Rural Democrats Want a Bigger Tent. Is that Possible?

Michael Kruse, of Politico, has written a fascinating piece on rural Democrats in the Midwest. He spoke at length with Terry Goodin, the only Democrat to represent a rural state legislative district in Indiana. Goodin is pro-life, an A+ legislator according to the National Rifle Association, and voted for an amendment to eliminate same-sex marriage in Indiana.

Goodin, and many others like him, are profiled in a new national report authored by U.S. Rep. Cheri Bustos (D-IL), “Hope from the Heartland: How Democrats Can Better Serve the Midwest by Bringing Rural, Working Class Wisdom to Washington.” In the report, Bustos notes that in 2009, Democrats held 57 percent of the US House seats in the eight states of the Midwestern “heartland.” Now, they hold 39 percent. In 2008, Obama won seven of the eight heartland states. In 2016, Donald Trump won six of them. Of the 737 counties in the Midwest, Trump won all but 63 of them.

Bustos represents a largely rural and agricultural US House district and she won re-election handily in 2016. Donald Trump also won her district. This has earned the relatively unknown representative a spotlight, especially if Democrats hope to turn back Trump’s Midwestern populism in 2020.

Goodin, the farmer who is also a school superintendent, claims the Democrats at the national level are elitist and out-of-touch with average American voters. There is, he claims, too much focus on identity politics and marginal social issues that alienate rural voters. He argues for a clearer emphasis on the economy and wages.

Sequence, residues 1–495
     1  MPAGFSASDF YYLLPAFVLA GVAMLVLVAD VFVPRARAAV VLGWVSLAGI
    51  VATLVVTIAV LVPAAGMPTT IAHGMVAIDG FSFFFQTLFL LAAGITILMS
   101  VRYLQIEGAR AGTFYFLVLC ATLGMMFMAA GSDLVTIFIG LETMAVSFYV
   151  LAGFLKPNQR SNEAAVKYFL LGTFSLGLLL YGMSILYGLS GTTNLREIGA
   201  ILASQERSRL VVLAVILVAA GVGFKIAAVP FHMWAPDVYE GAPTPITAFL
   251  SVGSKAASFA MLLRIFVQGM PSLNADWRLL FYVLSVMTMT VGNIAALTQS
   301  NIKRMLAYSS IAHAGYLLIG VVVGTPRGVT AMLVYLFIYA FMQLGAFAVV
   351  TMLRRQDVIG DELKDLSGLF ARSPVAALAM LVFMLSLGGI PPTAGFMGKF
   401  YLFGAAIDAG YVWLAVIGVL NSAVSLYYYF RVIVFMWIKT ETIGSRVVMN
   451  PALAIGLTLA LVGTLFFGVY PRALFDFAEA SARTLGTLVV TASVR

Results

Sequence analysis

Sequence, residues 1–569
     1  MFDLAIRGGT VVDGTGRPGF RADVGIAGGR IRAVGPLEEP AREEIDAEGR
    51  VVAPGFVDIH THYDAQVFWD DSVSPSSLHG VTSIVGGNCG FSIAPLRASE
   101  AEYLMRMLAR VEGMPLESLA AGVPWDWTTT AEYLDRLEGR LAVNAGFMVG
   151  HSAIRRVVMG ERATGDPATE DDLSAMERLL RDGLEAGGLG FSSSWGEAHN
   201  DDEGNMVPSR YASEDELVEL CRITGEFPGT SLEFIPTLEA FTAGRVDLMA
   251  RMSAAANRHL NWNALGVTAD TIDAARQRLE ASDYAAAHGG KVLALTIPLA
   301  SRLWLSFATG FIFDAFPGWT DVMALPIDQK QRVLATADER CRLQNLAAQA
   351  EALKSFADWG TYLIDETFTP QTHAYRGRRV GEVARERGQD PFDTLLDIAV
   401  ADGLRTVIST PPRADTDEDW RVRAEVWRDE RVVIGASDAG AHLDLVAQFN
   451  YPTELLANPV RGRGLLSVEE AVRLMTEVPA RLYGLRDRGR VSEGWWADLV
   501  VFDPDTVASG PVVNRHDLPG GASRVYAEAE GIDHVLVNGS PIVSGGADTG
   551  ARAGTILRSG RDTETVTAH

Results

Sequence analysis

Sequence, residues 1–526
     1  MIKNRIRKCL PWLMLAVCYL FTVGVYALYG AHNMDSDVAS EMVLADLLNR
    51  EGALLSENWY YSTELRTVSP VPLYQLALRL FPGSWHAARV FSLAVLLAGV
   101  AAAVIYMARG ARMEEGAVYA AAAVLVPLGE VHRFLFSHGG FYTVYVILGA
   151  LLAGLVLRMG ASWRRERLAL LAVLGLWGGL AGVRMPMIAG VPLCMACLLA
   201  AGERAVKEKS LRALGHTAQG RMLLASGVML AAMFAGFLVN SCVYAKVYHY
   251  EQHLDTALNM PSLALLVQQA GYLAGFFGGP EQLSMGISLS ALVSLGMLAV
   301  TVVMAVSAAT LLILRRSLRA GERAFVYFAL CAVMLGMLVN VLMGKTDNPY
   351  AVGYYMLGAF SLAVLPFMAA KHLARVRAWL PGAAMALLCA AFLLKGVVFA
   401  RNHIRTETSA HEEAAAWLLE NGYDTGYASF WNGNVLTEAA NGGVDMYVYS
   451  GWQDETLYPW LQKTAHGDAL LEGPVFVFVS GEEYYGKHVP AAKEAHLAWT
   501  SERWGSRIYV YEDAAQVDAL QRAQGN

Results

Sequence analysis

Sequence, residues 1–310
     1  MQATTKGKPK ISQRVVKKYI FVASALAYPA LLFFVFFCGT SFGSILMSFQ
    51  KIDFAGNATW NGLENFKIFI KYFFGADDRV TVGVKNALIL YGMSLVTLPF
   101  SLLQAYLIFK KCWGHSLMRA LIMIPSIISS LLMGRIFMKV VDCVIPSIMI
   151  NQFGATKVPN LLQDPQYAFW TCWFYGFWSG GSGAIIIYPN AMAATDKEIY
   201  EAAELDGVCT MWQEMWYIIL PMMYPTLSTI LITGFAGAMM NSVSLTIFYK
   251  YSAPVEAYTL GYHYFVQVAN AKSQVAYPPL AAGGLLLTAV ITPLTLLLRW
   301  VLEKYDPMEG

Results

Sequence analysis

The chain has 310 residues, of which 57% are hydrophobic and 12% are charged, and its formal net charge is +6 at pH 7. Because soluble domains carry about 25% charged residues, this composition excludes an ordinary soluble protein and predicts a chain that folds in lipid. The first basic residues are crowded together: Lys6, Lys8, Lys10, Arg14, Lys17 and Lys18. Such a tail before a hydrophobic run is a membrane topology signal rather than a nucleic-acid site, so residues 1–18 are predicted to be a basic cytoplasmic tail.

Both Bustos and Goodin would have felt at home as Democrats until the 1990s, I think. Since then, we have seen a dramatic polarization in both parties, so there is a dwindling number of “conservative” Democrats. At the same time, the number of “liberal” Republicans is also shrinking.

Kruse documents one conversation between Goodin and one of his constituents, a man who supported both Trump and Goodin. It is clear the man is quite conservative socially and he is fearful of Muslims. The man’s rhetoric would get him ostracized from many communities, but Goodin, instead of focusing on his disagreements with the man, targets their commonality.  As Goodin says,

“…But [he] and I probably agree on 90 percent of everything we’d ever talk about. So why would I focus on the 10 percent that I don’t agree with him on?”

There is so much truth in Kruse’s article that it feels almost obvious. Political parties must be expansive in order to collect as many votes as possible, especially in a largely two-party system like ours. There are relatively few, if any, core principles that define parties in spite of how they present themselves. Parties absorb whatever views they must in order to advance their interests.

But parties are not fully elastic. They cannot easily incorporate contradictory beliefs, at least not on whatever elites and voters have defined as the most critical concerns. There can be differences on secondary matters, but most parties need some sort of coherence on primary interests. The argument that Bustos and Goodin are making, it seems, is that the party should be defined by economics. They want social tolerance.

Looking at the Democrats today, this seems a mighty stretch. For me, the thing that binds the Democrats together is their rigorous commitment to identity based politics, with a priority on feminist, racial, and sexual egalitarianism. Abortion, same-sex marriage, racially-based social justice, and transgender rights are now sacrosanct. If anything, the party’s economic philosophy flows from these commitments instead of the other way around.